Ask the average Mac user why they chose their Apple product over any other PC – chances are they’ll tell you it’s because of the security. Common thought is that Apple computers are safer because their firmware can’t be penetrated – however, that’s simply not the case anymore.
Security researchers Xeno Kovah and Trammell Hudson have uncovered a worm that they’re calling “Thunderstrike 2”, which is capable of infecting Macs and can’t be removed by either flashing the operating system or even replacing the hard drive. Even worse? The attack is able to spread across Macs even when they’re not connected to Internet networks.
How Does It Spread?
Kovah and Hudson found that the bug could infect computers by installing itself in the ‘option ROM’ on peripheral devices that plug into your Mac, such as Apple’s Thunderbolt Ethernet adapter.
Because of this, the vulnerability can be exploited quite easily. For example, attackers can sell infected Ethernet adapters on eBay – once you plug the adapter in, your Mac will be infected. With unknowing users falling victim, the bug could literally spread around the world, infecting huge numbers of devices and subverting their systems.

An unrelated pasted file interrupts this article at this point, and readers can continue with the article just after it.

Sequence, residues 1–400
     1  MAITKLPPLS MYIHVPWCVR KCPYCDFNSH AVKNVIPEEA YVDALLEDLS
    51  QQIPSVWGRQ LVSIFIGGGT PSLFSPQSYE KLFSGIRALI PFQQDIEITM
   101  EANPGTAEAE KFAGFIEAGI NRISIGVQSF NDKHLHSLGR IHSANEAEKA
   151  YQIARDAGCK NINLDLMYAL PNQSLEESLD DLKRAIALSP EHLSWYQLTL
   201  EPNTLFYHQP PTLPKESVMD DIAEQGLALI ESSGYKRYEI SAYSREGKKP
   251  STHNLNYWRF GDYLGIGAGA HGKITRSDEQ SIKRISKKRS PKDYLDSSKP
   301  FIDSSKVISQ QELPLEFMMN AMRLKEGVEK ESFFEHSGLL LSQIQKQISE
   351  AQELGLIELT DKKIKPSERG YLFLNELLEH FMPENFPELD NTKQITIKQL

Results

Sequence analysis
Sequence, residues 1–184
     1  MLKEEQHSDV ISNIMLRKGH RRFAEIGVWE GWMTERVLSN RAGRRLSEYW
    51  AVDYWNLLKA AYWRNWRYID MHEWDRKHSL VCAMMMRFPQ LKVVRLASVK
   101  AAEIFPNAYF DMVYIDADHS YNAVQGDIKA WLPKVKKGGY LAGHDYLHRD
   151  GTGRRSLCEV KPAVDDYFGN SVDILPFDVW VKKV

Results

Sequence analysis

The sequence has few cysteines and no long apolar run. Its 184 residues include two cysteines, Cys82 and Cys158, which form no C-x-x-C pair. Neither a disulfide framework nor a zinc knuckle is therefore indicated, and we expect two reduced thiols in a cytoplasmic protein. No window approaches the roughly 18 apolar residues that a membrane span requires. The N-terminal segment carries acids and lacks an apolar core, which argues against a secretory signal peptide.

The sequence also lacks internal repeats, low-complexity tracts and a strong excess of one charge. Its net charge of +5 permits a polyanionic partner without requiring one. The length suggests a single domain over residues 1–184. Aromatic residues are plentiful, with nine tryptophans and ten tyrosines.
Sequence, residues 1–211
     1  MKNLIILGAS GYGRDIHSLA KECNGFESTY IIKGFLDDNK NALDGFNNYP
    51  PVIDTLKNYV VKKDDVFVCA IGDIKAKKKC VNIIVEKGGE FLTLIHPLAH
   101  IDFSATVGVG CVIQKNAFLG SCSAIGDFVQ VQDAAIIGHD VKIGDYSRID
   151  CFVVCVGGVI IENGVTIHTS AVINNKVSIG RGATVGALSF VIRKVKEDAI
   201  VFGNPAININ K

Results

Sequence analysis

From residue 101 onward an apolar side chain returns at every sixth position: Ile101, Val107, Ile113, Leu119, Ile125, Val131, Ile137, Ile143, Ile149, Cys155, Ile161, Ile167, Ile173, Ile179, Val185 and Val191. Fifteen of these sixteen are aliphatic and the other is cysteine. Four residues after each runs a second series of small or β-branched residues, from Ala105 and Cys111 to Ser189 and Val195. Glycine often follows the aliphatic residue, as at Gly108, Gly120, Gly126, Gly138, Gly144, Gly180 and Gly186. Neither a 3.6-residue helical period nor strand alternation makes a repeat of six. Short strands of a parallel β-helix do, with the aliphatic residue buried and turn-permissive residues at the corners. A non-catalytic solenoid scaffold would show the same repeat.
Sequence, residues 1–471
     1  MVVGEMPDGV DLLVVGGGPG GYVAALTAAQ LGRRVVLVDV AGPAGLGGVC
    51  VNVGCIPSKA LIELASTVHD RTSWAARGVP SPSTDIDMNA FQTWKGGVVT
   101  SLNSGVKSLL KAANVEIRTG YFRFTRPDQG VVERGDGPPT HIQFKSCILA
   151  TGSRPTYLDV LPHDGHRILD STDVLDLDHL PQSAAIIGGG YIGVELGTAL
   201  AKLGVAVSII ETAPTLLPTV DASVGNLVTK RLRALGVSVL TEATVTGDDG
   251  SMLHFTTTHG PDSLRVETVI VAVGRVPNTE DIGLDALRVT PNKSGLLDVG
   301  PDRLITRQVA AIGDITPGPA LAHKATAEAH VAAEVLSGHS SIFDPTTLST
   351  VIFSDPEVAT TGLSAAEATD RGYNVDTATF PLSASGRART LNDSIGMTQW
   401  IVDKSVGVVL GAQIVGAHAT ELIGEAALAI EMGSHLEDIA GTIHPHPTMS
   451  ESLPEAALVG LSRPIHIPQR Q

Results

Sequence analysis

So – Is Your Mac Safe?
If hardware makers cryptographically signed their firmware and accompanying updates, there would be an added layer of protection against these attacks. While vendors like Lenovo and Dell have been active in trying to remove firmware vulnerabilities, Apple has not taken such an initiative, making your computer vulnerable.
Making a bad situation worse – Ars Technica has reported that hackers have been exploiting vulnerability in the latest version of OS X, which allows them to install malware without even gaining a users permission or passwords.
It’s absolutely crucial that no matter what device you use, you’re always staying informed and being cautious when it comes to protection. To learn more about security for your Mac device and other IT security solutions, get in touch with PNJ Technology Partners at firstname.lastname@example.org or (518) 459-6712.